Luba Figure

ahk-0602-17_luba_f_  ahk-0602-17_luba_v_  ahk-0602-17_luba_b_  ahk-0602-17_luba_34p_

AHK 0602-17

Luba Female Figure, DR Congo

Fertility Figure

H: 26 cm (10,2″)

This young girl figure symbolizes “the desire for a safe birth” and according to Neyt’s superb book, LUBA, “The representation of women is omnipresent in Luba art. It is through the woman that the ancestor reveals himself anew in the child”.

Sculpted figures with prominent breasts constitute a kind of unspoken Luba code for women. They are thought to hold special powers and those powers are located in their bodies.
Figures like these, well-carved and sculpturally elegant females, reflect the prominent role women held in Luba society, whether in politics or in spiritual matters. Female mediums known as Mwadi were acknowledged as reincarnations of dead Luba kings. It was, in fact, through the bodies of the women that Luba kings derived their power.

Elaborate coiffure identifies and indicates the rank, status and role within Luba society of the individual. It serves as a mark of civilization and an extension of Luba aesthetics. Complex hairstyles take hours make and require a support to sculpt the hair in the elegant coiffures.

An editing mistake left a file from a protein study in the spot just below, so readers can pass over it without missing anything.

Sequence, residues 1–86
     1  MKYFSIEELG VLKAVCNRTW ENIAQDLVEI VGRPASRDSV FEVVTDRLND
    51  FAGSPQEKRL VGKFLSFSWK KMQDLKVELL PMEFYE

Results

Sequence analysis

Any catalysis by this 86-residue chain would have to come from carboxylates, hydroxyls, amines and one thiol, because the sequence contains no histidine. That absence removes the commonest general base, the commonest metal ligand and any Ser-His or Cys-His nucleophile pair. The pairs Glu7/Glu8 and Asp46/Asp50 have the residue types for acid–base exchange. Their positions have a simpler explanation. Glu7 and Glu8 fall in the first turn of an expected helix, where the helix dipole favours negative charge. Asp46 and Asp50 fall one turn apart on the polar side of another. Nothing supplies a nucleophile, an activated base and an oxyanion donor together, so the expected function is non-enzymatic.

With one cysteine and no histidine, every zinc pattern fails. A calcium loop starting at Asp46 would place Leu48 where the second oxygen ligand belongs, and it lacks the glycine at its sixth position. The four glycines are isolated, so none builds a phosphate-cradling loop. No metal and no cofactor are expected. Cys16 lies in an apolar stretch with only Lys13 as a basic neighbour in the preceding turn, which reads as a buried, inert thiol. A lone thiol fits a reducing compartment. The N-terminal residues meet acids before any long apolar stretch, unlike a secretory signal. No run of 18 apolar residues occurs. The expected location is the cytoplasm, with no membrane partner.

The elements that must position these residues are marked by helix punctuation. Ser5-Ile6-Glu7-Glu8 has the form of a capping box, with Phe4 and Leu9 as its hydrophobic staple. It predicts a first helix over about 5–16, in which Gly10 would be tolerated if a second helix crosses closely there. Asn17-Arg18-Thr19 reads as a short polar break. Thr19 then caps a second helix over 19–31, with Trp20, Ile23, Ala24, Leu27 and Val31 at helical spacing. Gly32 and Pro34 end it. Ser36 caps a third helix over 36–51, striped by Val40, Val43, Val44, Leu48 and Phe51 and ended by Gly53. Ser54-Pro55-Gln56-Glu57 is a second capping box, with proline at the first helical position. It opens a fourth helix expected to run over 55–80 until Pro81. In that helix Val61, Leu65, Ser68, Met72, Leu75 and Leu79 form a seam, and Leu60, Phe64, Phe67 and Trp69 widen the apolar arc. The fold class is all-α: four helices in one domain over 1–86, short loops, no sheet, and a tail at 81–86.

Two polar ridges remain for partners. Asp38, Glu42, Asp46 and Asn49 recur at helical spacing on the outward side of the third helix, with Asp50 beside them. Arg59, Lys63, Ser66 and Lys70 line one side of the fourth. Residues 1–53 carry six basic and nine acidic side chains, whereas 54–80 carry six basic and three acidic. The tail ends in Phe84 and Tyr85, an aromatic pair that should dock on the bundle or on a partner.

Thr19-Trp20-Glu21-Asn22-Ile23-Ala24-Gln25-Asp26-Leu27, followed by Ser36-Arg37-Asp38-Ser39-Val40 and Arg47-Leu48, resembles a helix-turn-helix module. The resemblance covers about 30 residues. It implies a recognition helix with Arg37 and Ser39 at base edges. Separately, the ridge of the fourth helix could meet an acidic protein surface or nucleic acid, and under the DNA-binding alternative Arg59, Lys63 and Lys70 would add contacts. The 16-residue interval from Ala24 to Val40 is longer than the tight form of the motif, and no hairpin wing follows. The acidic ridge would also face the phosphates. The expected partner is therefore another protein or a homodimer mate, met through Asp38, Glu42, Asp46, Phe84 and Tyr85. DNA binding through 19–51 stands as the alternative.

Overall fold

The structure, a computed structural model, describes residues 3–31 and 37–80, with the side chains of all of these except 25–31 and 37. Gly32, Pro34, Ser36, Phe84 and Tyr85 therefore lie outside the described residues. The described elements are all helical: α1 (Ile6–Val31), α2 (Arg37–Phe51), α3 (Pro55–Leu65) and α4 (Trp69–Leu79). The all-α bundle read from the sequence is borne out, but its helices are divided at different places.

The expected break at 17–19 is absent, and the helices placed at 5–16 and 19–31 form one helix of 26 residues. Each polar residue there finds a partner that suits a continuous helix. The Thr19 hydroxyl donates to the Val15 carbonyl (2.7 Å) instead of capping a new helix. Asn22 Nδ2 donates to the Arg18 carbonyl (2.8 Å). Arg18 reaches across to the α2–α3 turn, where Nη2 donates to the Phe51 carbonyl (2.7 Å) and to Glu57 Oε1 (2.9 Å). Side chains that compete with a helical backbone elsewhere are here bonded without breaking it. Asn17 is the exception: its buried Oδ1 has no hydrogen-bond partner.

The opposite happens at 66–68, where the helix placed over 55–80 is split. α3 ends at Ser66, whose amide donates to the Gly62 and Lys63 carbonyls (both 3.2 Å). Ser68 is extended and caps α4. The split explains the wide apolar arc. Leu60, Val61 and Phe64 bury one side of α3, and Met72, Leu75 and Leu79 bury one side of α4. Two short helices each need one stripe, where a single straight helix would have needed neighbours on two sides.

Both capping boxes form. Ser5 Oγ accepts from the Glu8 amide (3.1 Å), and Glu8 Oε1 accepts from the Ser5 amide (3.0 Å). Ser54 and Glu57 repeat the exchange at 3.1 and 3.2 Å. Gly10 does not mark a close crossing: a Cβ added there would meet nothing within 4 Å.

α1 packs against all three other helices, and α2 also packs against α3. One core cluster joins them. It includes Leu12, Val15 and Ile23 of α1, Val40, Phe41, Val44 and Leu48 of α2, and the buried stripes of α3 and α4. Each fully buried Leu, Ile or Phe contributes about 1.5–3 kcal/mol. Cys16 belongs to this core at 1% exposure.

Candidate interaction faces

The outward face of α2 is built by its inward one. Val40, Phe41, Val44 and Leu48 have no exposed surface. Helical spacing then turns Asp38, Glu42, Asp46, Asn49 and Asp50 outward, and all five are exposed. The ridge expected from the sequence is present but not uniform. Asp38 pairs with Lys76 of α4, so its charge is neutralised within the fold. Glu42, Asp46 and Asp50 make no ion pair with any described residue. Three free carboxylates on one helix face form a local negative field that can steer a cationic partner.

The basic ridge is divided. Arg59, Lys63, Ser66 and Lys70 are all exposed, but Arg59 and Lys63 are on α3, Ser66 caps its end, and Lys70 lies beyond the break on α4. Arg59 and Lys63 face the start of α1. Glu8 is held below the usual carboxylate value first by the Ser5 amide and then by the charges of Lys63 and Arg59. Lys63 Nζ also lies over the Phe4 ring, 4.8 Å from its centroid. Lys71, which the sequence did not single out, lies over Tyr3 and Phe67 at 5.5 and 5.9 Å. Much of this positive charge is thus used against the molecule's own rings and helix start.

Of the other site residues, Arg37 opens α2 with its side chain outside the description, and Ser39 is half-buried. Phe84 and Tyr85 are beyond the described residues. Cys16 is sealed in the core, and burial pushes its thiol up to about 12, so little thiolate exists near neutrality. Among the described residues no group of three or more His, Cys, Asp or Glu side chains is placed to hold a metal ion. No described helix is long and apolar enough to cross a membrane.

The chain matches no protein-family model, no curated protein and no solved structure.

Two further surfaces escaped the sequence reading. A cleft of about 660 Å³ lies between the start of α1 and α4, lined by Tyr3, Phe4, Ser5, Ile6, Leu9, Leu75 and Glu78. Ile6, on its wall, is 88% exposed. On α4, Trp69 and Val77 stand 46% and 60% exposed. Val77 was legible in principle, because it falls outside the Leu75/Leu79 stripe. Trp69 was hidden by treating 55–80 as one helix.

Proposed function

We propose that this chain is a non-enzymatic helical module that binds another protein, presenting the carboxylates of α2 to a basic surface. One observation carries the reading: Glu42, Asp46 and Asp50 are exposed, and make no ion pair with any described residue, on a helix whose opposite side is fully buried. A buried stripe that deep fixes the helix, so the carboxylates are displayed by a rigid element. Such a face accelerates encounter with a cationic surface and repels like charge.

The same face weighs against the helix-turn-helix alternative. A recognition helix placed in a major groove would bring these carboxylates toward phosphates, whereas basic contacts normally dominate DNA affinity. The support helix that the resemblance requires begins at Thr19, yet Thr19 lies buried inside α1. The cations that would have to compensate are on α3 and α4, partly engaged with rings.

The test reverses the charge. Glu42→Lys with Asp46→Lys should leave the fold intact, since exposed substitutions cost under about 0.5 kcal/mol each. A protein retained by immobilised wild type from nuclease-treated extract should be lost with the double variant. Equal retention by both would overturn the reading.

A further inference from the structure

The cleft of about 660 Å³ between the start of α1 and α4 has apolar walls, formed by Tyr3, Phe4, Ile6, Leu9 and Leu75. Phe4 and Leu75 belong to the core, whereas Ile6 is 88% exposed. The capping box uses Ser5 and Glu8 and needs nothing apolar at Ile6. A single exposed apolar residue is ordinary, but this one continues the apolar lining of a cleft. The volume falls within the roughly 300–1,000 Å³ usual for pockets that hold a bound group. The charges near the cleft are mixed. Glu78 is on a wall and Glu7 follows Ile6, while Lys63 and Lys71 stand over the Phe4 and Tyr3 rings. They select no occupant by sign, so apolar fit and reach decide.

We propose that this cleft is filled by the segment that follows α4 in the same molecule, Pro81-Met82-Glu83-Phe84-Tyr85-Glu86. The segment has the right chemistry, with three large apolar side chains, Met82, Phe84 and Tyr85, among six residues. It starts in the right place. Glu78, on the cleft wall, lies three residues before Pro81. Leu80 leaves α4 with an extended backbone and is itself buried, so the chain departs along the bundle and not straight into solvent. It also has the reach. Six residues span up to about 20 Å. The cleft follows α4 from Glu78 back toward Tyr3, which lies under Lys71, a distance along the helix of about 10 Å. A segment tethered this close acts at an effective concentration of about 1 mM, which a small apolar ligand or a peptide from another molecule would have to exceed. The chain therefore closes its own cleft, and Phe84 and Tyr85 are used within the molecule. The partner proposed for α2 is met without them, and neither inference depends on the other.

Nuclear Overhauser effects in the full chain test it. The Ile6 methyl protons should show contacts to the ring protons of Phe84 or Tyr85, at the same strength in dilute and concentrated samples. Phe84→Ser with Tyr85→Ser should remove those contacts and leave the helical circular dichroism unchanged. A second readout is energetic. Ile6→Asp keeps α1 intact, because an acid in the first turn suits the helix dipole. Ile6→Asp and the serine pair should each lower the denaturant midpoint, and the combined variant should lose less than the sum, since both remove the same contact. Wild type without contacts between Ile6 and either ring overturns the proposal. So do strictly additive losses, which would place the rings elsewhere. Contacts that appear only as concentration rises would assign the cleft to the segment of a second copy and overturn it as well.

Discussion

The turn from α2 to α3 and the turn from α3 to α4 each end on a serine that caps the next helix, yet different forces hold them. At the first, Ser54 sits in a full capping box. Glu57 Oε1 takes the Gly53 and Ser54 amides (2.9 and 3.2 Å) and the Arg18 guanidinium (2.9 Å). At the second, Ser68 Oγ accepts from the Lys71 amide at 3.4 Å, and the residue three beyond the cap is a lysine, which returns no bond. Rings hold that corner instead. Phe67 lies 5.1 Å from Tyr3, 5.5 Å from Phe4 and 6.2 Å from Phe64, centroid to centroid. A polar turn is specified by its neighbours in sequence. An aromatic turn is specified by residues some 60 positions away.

Though their vital role in each society is obvious, the sculptural emphasis placed upon the female form by the Luba isn’t completely understood. It is thought, however, that this dominance emerged from the very depths of their mythology.

The exact population of the Luba is not known. Though they occupy a vast area of the D.R. Congo, the civil unrest in the region has prevented any census-taking for many years. Estimates run from the old figure of more than 200,000. At any rate, as people goes, they are not large.
The world’s greatest museums and private collections are filled with Luba sculpture, as the beauty and serenity of their finest works transcend those of almost any other African culture. For such a small group, their enduring impact on the art world is startling.

Literature:
F. Neyt, LUBA: TO THE SOURCES OF THE ZAIRE, Musee Dapper (1994)
J. Cornet, A SURVEY OF ZAIREAN ART: THE BRONSON COLLECTION.

Age: Est. mid 20th century

Provenance: Collected in Bujumbura, Burundi during the celebration of the republic’s 40 year anniversary in 2002.

Click here for more information about the Luba people

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